Contributions should engage with expressions of ‘radicality’ that articulate democratic and progressive Leftist politics and culture in their treatment of topics during this moment relating to issues like racism, sexism, classism, identity politics, capitalist exploitation, social care, gentrification, conflict, migration, curatorial and archival practices, digitalization, surveillance, revolutionary movements, concepts of nature, climate change, pollution, pharmaceutics, drug politics and the pandemic measures among other topics.

If you are interested in making a contribution to the book, please send a 500-word proposal or sample contribution to pub@radicalfilm.net by February 15, 2021.

Important Dates:

15 February 2021: Proposal Submission Deadline;
15 March 2021: Notification of Acceptance;
15 August 2021: Full Chapter Submission;
15 December 2022: Peer Review Comments Returned;
15 January 2022: Contributor Revisions Due;
15 February 2022: Final Acceptance Notification.

More information on publisher, contributions to the event RFMNB in Berlin, and the RFMNB team, please consult the website:

www.radicalfilm.net

 

January 15th, 2021 — Projects / Publication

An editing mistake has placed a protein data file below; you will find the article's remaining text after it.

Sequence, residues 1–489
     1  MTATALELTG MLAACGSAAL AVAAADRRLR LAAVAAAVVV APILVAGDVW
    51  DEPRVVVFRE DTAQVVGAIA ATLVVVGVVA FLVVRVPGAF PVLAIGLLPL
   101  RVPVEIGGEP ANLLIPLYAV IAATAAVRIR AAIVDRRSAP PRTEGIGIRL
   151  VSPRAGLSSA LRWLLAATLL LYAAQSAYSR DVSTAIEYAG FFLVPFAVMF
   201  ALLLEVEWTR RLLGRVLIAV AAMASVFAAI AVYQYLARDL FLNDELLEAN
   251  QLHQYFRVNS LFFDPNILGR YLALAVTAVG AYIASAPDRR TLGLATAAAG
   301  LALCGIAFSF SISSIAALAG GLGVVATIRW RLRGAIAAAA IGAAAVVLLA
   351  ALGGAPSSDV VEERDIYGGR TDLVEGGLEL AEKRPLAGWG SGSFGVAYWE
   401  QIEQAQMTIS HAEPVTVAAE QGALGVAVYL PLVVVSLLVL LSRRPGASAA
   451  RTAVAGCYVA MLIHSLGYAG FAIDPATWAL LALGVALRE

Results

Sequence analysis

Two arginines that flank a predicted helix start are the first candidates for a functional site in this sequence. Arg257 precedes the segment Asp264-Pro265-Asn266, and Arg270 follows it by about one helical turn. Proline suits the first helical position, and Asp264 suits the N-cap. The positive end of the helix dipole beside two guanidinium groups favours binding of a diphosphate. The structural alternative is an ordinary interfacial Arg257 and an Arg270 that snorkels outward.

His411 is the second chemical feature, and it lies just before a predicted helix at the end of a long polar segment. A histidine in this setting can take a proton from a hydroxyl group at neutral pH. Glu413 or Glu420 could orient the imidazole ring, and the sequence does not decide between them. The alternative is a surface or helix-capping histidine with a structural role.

Interface

Lauren Berlant, the brilliant theorist of “cruel optimism” and related issues, died of a rare form of cancer on June 28. The following, devastatingly optimistic quote is from a 2016 essay on the commons as “infrastructures for troubling times,” part of a book that they worked on with the typically double-edged title On the Inconvenience of Other People: “What remains for our pedagogy of unlearning is to build affective infrastructures that admit the work of desire as the work of an aspirational ambivalence. What remains is the potential we have to common infrastructures that absorb the blows of our aggressive need for the world to accommodate us and our resistance to adaptation and that, at the same time, hold out the prospect of a world worth attaching to that’s something other than an old hope’s bitter echo. A failed episode is not evidence that the project was in error. By definition, the common forms of life are always going through a phase, as infrastructures will.”